The PGA Tour will begin testing drivers in the 2019-2020 season, taking a bigger step into equipment testing they’ve previously been reluctant to do.
In a letter to PGA Tour players obtained by multiple outlets, the Tour outlines a program to test the characteristic time (CT) of drivers from players’ bags. Characteristic time is a measure of how long the ball and driver face are in contact. The USGA and R&A equipment rules set the standard at 238 microseconds (millionths of a second). With a measurement tolerance of 19 microseconds, a driver can test for a CT of 257 microseconds and still be considered conforming.
Starting this season, the PGA Tour will begin testing drivers in play at events. The attached memo was sent to players in advance of Greenbrier. pic.twitter.com/OnduVCYAnR
— Jonathan Wall (@jonathanrwall) September 4, 2019
Since 2014, the Tour has worked with the USGA’s equipment testing team to measure the characteristic time of drivers found in tour vans from manufacturers at select tournaments. Under the new policy, the USGA’s team will test the actual equipment players intend to use during a tournament.
The testing will be unannounced and conducted on non-competition days. Each manufacturer will have an on-site point of contact as a liaison for the testing.
Players will be notified of their pending test when they arrive on property for a testing day, and they’ll be expected to provide all drivers they could use during the tournament. Each driver will then be tested, with the testing taking approximately 15 minutes per club. Players will not learn the specific measurements found in the equipment testing. Rather, the player will learn of their driver’s conforming status on a stoplight system: green meaning the driver is comfortably conforming, yellow meaning the driver is conforming but could soon be non-conforming, and red meaning the driver is non-conforming.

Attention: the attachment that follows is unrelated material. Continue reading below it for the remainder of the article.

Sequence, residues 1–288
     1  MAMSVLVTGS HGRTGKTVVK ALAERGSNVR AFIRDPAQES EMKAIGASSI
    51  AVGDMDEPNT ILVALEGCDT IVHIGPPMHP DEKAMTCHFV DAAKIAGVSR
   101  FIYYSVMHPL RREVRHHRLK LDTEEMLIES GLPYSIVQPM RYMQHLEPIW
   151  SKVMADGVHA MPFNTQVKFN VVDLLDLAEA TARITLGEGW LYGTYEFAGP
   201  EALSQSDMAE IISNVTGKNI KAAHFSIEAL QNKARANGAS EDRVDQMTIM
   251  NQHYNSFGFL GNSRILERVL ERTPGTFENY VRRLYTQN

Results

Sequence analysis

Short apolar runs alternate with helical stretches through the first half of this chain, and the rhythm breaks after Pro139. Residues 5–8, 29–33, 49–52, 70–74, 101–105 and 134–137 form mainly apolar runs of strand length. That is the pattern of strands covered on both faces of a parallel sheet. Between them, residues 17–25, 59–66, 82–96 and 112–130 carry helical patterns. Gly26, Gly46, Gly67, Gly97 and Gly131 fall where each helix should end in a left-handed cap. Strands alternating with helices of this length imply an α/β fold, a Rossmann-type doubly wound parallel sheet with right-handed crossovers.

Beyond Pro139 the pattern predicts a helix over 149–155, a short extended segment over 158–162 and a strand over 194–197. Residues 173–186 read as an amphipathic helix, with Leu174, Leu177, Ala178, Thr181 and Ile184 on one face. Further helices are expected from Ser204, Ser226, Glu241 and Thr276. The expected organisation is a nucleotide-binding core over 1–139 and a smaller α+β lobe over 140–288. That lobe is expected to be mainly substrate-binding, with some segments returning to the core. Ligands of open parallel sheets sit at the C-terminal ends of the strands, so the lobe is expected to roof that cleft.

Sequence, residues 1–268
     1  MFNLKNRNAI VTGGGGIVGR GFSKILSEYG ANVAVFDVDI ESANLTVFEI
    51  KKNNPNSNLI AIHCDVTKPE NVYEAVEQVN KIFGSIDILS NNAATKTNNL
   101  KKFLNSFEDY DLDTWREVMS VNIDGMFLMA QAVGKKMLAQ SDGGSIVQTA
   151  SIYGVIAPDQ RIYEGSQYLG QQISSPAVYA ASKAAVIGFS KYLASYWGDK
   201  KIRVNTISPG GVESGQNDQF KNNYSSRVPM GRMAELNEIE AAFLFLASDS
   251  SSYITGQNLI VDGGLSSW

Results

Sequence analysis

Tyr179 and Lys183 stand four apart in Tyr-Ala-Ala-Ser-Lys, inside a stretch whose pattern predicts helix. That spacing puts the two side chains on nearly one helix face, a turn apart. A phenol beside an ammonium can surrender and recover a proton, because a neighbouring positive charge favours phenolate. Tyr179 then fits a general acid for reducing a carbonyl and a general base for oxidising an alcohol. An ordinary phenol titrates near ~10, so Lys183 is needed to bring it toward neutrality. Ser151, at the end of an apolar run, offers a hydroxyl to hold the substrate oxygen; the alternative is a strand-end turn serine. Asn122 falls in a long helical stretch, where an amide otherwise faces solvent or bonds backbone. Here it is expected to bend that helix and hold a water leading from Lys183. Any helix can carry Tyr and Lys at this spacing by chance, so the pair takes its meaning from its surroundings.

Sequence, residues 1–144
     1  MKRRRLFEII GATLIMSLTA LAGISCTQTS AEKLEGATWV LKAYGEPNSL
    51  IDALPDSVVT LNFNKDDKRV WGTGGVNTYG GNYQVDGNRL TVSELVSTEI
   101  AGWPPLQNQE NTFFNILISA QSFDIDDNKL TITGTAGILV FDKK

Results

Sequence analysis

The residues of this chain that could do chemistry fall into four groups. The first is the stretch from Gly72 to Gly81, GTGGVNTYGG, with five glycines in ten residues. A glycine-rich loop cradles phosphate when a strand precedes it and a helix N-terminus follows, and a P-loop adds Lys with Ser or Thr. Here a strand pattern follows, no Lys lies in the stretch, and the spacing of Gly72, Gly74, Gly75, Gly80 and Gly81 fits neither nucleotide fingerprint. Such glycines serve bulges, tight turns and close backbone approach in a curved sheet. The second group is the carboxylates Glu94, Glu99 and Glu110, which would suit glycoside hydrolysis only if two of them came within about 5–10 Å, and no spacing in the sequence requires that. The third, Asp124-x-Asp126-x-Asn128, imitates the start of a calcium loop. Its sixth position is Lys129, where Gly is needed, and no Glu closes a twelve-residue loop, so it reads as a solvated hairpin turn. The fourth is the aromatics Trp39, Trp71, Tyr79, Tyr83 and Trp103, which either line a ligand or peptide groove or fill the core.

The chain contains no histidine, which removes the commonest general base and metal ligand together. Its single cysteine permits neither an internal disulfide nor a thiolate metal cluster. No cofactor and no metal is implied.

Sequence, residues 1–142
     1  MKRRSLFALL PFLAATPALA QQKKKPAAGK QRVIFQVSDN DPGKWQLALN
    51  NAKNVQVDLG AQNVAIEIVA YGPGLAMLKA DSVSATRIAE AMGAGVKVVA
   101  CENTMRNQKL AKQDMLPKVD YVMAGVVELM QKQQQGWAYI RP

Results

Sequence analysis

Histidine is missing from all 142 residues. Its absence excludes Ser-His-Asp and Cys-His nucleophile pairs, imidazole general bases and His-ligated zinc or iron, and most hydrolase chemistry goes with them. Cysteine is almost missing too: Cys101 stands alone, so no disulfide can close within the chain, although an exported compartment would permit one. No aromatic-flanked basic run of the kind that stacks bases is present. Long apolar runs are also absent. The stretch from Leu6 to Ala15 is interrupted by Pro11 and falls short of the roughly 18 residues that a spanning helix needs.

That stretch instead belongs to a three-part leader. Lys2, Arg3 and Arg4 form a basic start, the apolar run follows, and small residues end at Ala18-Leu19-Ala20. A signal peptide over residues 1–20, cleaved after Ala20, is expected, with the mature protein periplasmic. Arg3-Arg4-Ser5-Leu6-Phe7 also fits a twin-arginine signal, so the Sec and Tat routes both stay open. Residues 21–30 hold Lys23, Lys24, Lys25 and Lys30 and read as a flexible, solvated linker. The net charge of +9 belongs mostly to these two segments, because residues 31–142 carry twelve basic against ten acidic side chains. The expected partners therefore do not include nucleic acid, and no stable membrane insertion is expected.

The PGA Tour’s decision was inspired in part by the results of R&A driver testing at the British Open Championship in July. A handful of drivers from the 30 tested failed the CT test, with Xander Schauffele publicly revealing his driver failed the test. He was forced to find a new driver to play just days before the final major of the year. Schauffele initially accused the R&A of leaking his test results, but he since retracted that claim. For its part, Callaway Golf released statements discussing the natural deterioration of driver faces, which subsequently can cause a driver’s face to become non-conforming with as little as 30 shots.
“Recently, we have become aware that drivers in play on the PGA Tour may be exhibiting a trait whereby through normal use, the clubface ‘creeps’ beyond the allowed CT limit under the Rules, despite having conformed to the CT limit when new,” the letter states.
“When such a situation occurs, in accordance with the USGA’s Notice to Manufacturers dated October 11, 2017 the club is deemed to have become damaged into a non-conforming state and may no longer be used in competition.”